His choice of books at the library: Deadly Predators, Shark Attack and Military Helicopters. I tried to persuade him to maybe choose something else, but he was resolute. Nearby, there was a meeting of new mums, tiny babies curled into their arms, listening earnestly and nervously to advice about what to read to their child. I wanted to warn them that one day, despite all the hours spent reading beautifully illustrated picture books and finely crafted traditional tales, their little darling will gravitate towards the books with ugly photos of sharp teethed animals and machinery. But that would be cruel.
When we got home, I read the military helicopter book to him. He sat and listened, slightly perplexed. Later, at bedtime, he flicked through the book once again.
"I don't really like this helicopter book... it's all about killing...but I want to know about killing because then I can stop all the killing."
Holy moly, he's three years old!
Tuesday, July 23, 2013
I am hardly ever alone. This seems to be the difference between two and three children. I nearly always have at least one with me. Today, I caught the bus on my own and experienced one of those eerie feelings of being in another time and (head) space. Sitting at the bus stop, with the cold blue sky above and the bright sunshine in my eyes, my daughter's portfolio leaning against my legs, I felt nervous and insecure, like a teenage version of myself. And then it occurred to me that one day in the not too distant future, I'll spend hours every day on my own; that I will have to grow accustomed to this state because it has become so strange to me. I've always sought out time on my own: it's when I can daydream and be the most inspired. It's not that I don't like being around other people - I love talking and dislike eating alone - but I need to retreat, from time to time, into the world of my imagination. I was annoyed that I forgot my book today and missed out on an opportunity to read, but it was so much better, just to have that space to think and feel.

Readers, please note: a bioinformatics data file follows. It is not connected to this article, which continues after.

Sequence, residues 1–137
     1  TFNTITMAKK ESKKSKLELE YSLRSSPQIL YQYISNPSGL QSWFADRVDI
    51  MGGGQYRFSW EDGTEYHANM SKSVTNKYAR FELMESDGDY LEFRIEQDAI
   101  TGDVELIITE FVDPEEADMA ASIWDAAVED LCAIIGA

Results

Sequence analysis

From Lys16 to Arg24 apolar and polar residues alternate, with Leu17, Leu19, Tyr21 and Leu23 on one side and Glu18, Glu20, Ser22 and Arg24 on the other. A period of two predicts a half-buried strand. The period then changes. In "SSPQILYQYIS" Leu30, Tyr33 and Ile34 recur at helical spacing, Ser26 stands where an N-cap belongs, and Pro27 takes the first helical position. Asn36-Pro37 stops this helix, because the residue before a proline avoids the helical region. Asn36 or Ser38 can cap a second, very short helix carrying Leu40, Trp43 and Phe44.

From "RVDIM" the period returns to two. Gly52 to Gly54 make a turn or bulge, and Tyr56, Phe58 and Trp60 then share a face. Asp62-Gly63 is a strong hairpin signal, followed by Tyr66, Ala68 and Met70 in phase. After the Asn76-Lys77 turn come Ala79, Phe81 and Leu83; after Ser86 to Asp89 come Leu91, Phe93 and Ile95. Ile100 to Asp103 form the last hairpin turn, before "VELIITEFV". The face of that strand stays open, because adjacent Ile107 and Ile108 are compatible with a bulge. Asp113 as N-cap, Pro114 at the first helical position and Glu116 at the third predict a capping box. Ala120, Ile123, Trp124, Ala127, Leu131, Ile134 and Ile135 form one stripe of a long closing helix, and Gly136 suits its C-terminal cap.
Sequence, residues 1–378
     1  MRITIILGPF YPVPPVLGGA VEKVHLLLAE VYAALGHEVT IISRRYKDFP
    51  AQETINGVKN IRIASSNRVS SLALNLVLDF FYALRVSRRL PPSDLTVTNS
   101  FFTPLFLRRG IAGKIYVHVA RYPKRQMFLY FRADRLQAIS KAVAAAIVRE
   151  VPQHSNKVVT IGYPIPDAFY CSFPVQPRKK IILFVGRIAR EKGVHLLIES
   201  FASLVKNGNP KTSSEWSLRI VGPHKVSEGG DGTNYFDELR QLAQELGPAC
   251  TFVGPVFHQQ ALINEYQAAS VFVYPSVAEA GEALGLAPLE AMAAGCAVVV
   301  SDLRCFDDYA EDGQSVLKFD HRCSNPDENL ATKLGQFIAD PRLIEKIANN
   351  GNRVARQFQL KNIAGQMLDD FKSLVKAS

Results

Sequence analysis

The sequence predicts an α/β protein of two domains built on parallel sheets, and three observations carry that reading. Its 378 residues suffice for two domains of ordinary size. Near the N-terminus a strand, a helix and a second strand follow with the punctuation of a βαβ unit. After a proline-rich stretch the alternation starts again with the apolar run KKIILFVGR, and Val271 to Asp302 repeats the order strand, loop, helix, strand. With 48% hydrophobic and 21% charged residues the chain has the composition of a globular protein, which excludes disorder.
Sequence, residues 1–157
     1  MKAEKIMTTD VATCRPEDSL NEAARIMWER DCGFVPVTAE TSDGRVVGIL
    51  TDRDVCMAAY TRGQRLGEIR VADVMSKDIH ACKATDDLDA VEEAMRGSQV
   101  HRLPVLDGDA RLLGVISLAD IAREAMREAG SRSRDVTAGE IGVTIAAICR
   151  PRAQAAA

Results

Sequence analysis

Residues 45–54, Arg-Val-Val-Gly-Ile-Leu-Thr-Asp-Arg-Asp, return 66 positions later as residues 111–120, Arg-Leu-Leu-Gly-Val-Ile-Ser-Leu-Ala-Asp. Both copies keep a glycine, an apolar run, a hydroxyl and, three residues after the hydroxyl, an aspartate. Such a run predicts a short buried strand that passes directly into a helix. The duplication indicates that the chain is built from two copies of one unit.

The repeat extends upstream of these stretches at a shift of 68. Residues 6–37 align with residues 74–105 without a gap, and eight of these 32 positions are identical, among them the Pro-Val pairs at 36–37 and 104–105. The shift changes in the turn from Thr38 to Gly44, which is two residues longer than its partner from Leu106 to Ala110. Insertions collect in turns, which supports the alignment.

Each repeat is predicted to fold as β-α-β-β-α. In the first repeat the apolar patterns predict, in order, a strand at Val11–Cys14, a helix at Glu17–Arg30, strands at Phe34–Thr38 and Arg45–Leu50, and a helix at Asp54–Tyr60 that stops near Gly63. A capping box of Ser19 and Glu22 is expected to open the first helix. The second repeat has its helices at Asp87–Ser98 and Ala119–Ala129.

Thursday, July 18, 2013
I'm starting to notice a pattern to the school holidays in this household:
- Spend first few days hanging out and doing very little.
- Get sick - one child after the other and finally me.
- Recover very slowly...
- Stay close to home: see a few friends, do a little baking and crafting, watch quite a lot of iview.
- Feel guilty because we have not done anything that we should do in the holidays (museums, galleries, fun action-packed days out...).
- Realise that the kids are pretty happy just hanging out at home, doing very little.
- Relax and enjoy having them all here and not having to be anywhere on time.